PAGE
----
Former Chechen Rebel Is at Center of Boston Bombing Investigation

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Though he isn't considered a suspect, a former Chechen separatist who is now a refugee in the United States has become a key target of information in the Boston Marathon bombing investigation. Musa Khadzhimuratov—who knew Tamerlan Tsarnaev and his wife and hosted them at his home a few weeks before the bombing—has been questioned "dozens" of times by the F.B.I., according to The New York Times,  and the feds have apparently searched his apartment, his computers, given him a lie detector test, and taken DNA evidence.

Khadzhimuratov is reportedly the current focus of an effort to establish if Tsarnaev had any contact with members of the radical Islamist community, either in Chechnya or the U.S. Although there doesn't appear to be any evidence to contradict the current theory that Tamerlan and his brother were "self-radicalized," Khadzhimuratov says he and his family have been subjected to heavy scrutiny—and he's worried that the Russians are to blame.

Other Chechens who now live in the United States remain fearful of Russia's security forces, who continue to do battle with both with independence movements and radical terrorists back in the Caucasus regions. A reporter for the Voice of America tells the Times that those immigrants and refugees are worried that the FSB might attempt to frame them for the Boston bombings, perhaps as revenge for earlier run-ins back in their homeland, or as a way to justify continued military operations against rebels back in their own country. The theory is that tying Boston to the separatist movements in Chechnya and Dagestan would the give the Russians cover with (and even possibly cooperation from) the U.S. in fighting their own homegrown wars.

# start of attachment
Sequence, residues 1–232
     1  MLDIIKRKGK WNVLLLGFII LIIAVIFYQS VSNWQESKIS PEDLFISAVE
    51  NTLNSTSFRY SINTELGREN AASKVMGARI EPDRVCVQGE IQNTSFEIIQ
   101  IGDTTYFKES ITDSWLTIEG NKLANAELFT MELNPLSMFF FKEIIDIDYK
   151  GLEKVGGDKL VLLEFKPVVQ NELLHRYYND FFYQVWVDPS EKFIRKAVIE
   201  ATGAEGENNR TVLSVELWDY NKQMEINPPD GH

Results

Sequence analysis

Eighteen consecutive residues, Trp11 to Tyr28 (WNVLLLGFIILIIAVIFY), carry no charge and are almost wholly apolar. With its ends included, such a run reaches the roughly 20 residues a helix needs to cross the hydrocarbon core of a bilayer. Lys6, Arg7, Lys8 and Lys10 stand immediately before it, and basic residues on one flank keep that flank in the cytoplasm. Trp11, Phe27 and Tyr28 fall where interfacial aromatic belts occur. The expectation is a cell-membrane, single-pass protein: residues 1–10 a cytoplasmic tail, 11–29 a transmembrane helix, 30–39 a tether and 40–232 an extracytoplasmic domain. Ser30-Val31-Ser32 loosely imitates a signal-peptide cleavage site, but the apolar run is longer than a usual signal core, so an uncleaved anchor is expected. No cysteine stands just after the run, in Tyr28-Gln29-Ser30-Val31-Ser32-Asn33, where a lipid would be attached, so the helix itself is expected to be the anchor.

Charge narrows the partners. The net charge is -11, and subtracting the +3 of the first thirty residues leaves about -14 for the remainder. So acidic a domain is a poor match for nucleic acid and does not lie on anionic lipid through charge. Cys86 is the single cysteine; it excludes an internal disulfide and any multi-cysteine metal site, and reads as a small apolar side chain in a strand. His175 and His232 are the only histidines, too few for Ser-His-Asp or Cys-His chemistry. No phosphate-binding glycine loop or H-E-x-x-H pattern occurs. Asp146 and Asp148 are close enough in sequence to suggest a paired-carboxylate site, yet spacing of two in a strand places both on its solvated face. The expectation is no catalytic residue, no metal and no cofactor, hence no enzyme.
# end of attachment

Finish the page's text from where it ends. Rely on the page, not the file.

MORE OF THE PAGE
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Much like the Tsarnaev's parents, who have insisted more than once that their sons are innocent, the belief that the Russian government (or any government) would go to such lengths to discredit or punish its enemies is not uncommon. Or entirely unjustified.

Khadzhimuratov came to the U.S. in 2004, but back in Chechnya he was a bodyguard for Akhmed Zakayev, a man described as a "prominent secular Chechen separatist leader" who is now in exlie in England. In 2001, Khadzhimuratov lost the use of legs after being shot by Russian forces. He later brought his family to the U.S. and his wife and two children have since become citizens, but he has apparently been denied a green card because of his connection to the war. A Twitter account that appears to belong to him was created two years ago, but only contains a brief series of messages directed at Senator John McCain, pleading for his assistance.

This article is from the archive of our partner The Wire.